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> It’s important to note that all of this runs on your own gateway in your house. Google or Amazon can’t see when you turn on the light using your voice.

Is the RPi gateway capable of local speech recognition that can compete with Siri, Alexa, Google? That seems unlikely, unless it has a dedicated processor for that purpose.

I would guess not, but Mozilla will probably wrap this in with https://voice.mozilla.org/ <- that project at some point.

Personally, I'm not one for using Pis as computers, because I have always running computers at home anyways. I'm quite confident my computer can handle adequate voice recognition, though most companies today have avoided developing solutions that run locally.

It's pretty nice that an RPi only consumes .35W though. :)

EDIT: Fixed typo

An RPi 3B running headless with wifi enabled consumes around 1.2 to 1.5 Watts.

You're out by an order of magnitude. 35W over a 5V USB power connection would be an insane 7 amps.

It was off by two orders of magnitude, not one.

Lol. *.35W I missed the decimal point.

https://mycroft.ai might be a viable option - I believe they are planning to use Mozilla's speech recognition work too.

> Is the RPi gateway capable of local speech recognition that can compete with Siri, Alexa, Google? That seems unlikely, unless it has a dedicated processor for that purpose.

We were doing local speech recognition and full voice dictation back in the 90's through products like this (https://en.wikipedia.org/wiki/Dragon_NaturallySpeaking). Back then your typical computer had a 100Mhz processor and would be lucky to have 32MB of RAM. So yes, with 20 years of progress the much more powerful rasberry pi should be able to handle it just fine.

Make no mistake, siri, alexa and google are spyware, they send your information to themselves because they want to, not because they have to.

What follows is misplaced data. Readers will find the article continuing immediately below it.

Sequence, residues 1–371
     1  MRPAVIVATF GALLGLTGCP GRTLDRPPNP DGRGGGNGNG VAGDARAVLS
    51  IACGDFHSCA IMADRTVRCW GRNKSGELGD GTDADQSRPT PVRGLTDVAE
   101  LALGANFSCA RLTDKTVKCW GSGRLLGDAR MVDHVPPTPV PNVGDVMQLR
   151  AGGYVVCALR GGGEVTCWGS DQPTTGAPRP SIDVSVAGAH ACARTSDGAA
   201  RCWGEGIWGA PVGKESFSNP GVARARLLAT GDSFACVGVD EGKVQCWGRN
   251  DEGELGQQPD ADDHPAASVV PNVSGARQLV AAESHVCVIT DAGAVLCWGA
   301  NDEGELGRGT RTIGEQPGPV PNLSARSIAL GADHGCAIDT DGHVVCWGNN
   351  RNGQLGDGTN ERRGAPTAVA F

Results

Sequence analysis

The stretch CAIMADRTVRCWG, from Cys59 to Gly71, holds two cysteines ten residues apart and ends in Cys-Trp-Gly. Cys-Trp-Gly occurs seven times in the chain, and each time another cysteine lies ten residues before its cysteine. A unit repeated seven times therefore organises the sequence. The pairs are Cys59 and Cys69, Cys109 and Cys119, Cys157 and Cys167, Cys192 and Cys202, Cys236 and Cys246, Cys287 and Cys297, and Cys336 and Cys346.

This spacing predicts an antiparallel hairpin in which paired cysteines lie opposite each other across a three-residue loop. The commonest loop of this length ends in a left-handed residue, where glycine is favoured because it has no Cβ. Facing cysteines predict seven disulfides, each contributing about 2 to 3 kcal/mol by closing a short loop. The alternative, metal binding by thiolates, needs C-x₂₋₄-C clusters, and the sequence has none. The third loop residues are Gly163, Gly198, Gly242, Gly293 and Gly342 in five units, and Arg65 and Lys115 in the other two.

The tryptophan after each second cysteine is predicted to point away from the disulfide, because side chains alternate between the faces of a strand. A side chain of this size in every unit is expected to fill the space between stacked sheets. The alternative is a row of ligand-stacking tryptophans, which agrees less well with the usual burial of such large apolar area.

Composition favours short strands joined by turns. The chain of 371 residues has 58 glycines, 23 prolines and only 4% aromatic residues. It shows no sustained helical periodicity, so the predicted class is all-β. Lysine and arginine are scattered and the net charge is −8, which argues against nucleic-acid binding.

There is a pretty big difference between the level of speech recognition that is offered by these smart devices, and what was being done 10-20 years ago. We're talking 80% accuracy (missing every fifth word), to now 95% accuracy (the entire sentence will likely be perfect).

I have worked with several speech recognition softwares, and the ones which can run on a low-powered device in real-time today are not the ones reaching 95% accuracy.

My experience has been different, I found dragon back in the day to be about 90-95% accurate, but today I find google to be about 50% accurate. An that's 50% accurate for some limited voice commands, which is a much lower standard than full voice dictation that dragon offered.

Dragon was trained for me, google is trained for some mythical "everyone".

Who am I to argue with your experience? I can only offer the current literature on the topic [0]. (They report a 5.1% error)

> These systems typically use deep convolutional neural network (CNN) architectures ... driving the word error rate on the benchmark Switchboard corpus down from its mid-2000s plateau of around 15% to well below 10%.

[0]: https://arxiv.org/pdf/1708.06073.pdf

Unless the OS image they want to use is some sort of custom distro that limits what you can run on the raspberry pi, it probably isn't all that hard.

If nothing else, you could probably just hook up the AIY voice kit to it. If the software for the AIY voice kit runs on that OS image, it's pretty trivial to do it. There're multiple tutorials about how to make that happen.

What's the plan for turning your lights on while you're outside your house?

You can access the IoT gateway through a tunnel with a https endpoint that you configure during setup.

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